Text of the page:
Tuesday March 20, 2018
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NASA developing chemical laptop for easier alien life detection

source: www.engadget.com

Washington: NASA is developing a makeshift miniature laboratory—‘a chemical laptop’—which can detect fatty acids and amino acids in other worlds, and thus would be more easily able to detect evidence of any living form outside earth.

The device, which basically analyses different samples to find materials associated with life, is being worked upon in Pasadena, California’s NASA Jet Propulsion Laboratory.

Jessica Creamer, based at JPL as a NASA postdoctoral fellow, said to a news agency, “If this instrument were to be sent to space, it would be the most sensitive device of its kind to leave Earth, and the first to be able to look for both amino acids and fatty acids.”

Fatty acids are the main constituents of a cell membrane while amino acids form proteins. Both these acids are indispensable for life. However, at times non-living sources also hold them.

Researchers hope to send this device, which is much like a ‘tricorder’ from Star Trek, to other planetary bodies such as Mars or Europa.

The ‘chemical laptop’ is more or less the size of an ordinary computing laptop, but has a larger thickness to accommodate the components for chemical analysis. NASA said that the mechanism would require the device to ingest a sample in order to analyse it. In this way, it is different from a tricorder.

A JPL technologist, Fernanda Mora, who is developing the instrument with the project’s principal investigator, Peter Willis, said: “Our device is a chemical analyser that can be reprogrammed like a laptop to perform different functions.”

“As on a regular laptop, we have different apps for different analyses like amino acids and fatty acids,” added Mora.

There are two types of amino acids—left-handed and right-handed—which, though containing the same components, are mirror images of each other.

Theories put forward by scientists say that Earth life evolved in a manner that there are only left-handed amino acids on the planet. But life on other worlds might very well have evolved in a different manner, where right-handed amino acids could also be present.

“If a test found a 50-50 mixture of left-handed and right-handed amino acids, we could conclude that the sample was probably not of biological origin,” said Creamer.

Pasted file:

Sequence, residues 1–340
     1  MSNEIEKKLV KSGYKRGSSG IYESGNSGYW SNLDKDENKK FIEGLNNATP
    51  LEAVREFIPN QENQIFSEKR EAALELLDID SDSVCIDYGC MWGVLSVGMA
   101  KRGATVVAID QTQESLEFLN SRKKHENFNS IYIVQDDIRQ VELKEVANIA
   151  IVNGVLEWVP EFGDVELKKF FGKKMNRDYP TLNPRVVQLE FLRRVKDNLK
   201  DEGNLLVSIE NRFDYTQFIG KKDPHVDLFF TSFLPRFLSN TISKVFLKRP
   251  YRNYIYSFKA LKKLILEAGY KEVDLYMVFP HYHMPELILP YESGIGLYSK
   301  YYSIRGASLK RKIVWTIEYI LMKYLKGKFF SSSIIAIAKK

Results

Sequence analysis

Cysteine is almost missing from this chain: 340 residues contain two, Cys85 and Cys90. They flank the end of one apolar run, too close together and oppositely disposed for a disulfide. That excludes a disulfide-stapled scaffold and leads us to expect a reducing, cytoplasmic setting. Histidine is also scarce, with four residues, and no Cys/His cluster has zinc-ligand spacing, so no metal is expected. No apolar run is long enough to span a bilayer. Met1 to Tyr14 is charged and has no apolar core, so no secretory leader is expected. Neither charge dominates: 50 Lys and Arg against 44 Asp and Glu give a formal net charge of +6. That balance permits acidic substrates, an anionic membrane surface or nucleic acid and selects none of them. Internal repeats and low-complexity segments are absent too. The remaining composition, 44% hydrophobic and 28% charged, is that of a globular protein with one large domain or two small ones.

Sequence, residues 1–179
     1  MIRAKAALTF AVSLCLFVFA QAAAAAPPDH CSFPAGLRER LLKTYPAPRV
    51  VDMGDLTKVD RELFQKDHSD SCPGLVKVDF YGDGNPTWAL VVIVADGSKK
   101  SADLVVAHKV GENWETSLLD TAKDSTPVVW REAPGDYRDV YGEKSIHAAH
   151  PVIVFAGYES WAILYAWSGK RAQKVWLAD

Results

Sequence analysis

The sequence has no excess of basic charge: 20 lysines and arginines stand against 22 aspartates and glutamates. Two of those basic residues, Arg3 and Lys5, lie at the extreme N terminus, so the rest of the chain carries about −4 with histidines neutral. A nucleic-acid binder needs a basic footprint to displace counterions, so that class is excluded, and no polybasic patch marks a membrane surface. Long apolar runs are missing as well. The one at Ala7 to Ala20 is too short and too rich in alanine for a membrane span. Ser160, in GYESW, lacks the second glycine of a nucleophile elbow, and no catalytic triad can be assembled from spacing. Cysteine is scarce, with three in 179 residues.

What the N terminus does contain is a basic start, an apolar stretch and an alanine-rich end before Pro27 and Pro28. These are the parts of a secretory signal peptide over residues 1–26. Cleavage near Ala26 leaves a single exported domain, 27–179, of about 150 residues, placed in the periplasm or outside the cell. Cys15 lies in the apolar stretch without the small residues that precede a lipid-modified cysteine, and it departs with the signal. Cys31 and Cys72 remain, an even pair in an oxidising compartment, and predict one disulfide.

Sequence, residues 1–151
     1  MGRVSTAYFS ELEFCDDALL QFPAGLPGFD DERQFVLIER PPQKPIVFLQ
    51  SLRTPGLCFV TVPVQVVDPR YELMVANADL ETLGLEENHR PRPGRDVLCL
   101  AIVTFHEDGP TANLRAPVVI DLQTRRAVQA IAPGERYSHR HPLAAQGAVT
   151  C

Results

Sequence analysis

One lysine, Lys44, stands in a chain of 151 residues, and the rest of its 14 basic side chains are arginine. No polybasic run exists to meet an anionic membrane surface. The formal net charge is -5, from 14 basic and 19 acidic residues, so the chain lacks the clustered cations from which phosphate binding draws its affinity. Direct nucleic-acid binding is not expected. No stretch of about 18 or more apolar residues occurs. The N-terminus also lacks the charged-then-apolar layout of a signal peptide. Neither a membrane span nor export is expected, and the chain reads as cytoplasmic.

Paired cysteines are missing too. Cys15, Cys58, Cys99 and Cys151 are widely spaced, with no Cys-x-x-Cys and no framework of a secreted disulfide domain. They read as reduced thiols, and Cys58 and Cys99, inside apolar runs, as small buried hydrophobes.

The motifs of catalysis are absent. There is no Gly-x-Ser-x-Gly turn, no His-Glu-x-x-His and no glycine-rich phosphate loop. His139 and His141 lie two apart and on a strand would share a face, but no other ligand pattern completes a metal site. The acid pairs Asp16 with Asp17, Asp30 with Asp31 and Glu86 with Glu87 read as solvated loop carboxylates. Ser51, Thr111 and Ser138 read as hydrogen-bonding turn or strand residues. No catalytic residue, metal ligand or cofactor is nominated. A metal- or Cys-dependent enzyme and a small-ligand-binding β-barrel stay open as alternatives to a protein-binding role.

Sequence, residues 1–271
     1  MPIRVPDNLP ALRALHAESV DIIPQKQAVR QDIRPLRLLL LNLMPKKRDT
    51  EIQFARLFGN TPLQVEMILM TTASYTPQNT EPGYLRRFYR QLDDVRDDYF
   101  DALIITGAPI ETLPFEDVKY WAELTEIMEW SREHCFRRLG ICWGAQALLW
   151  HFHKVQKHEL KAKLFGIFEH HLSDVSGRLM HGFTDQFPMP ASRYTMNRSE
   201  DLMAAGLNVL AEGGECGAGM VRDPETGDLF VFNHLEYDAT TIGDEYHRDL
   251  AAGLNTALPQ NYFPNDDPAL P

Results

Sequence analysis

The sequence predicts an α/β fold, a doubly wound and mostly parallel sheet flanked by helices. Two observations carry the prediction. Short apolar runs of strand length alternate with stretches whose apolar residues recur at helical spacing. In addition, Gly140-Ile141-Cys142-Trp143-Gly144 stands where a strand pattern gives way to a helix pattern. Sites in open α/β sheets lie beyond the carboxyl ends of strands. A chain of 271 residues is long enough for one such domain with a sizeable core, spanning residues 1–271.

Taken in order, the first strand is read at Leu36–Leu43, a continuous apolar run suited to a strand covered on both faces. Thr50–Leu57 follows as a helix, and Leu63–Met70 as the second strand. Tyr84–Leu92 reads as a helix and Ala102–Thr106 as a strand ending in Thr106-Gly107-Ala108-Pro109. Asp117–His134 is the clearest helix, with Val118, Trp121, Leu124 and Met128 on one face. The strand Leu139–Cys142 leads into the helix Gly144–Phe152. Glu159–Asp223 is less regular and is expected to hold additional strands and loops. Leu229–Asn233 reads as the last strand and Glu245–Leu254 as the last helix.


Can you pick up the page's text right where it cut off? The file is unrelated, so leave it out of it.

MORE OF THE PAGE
But, to find an excess of either left-handed or right-handed amino acids would be “a golden ticket”, Creamer added. “That would be the best evidence so far that life exists on other planets.”

In case of fatty acids, it is the length of the carbon chain which would indicate to the scientists the type of organisms that are currently present or were present.

The device is battery-operated and perhaps its major drawback is that it requires a liquid sample to analyze, which would be rather difficult to obtain in planetary bodies such as Mars.

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NASA’s instrument to measure Sun’s energy

For instance, spectral irradiance measurements of the Sun's ultraviolet radiation are critical to understanding the ozone layer -- Earth's natural sunscreen

NASA to release two missions focused on moon soon in 2022. Pixabay
NASA's new instrument can measure incoming solar energy. Pixabay
  • NASA’s new instrument can measure Sun’s incoming energy
  • The instrument is called Total and Spectral Solar Irradiance Sensor (TSIS-1)
  • This can help bring in an energy revolution in future

To continue long-term measurements of the Sun’s incoming energy, NASA has powered on a new instrument installed on the International Space Station (ISS).

Solar energy is one of the biggest energy sources in the world.

The instrument, Total and Spectral solar Irradiance Sensor (TSIS-1), became fully operational with all instruments collecting science data as of this March, NASA said.

“TSIS-1 extends a long data record that helps us understand the Sun’s influence on Earth’s radiation budget, ozone layer, atmospheric circulation, and ecosystems, and the effects that solar variability has on the Earth system and climate change,” said Dong Wu, TSIS-1 project scientist at NASA’s Goddard Space Flight Center in Greenbelt, Maryland. TSIS-1 studies the total amount of light energy emitted by the Sun using the Total Irradiance Monitor, one of two sensors onboard.

Also Read: Why is the Sun’s atmosphere much hotter than its surface

This sensor’s data will give scientists a better understanding of Earth’s primary energy supply and provide information to help improve models simulating the planet’s climate.

The second onboard sensor, called the Spectral Irradiance Monitor, measures how the Sun’s energy is distributed over the ultraviolet, visible and infrared regions of light. Measuring the distribution of the Sun’s energy is important because each wavelength of light interacts with the Earth’s atmosphere differently.

Measuring solar energy is one big technological developement. Pixabay

For instance, spectral irradiance measurements of the Sun’s ultraviolet radiation are critical to understanding the ozone layer — Earth’s natural sunscreen that protects life from harmful radiation.

“All systems are operating within their expected ranges,” said Peter Pilewskie, TSIS-1 lead scientist at the University of Colorado Laboratory for Atmospheric and Space Physics in the US. IANS

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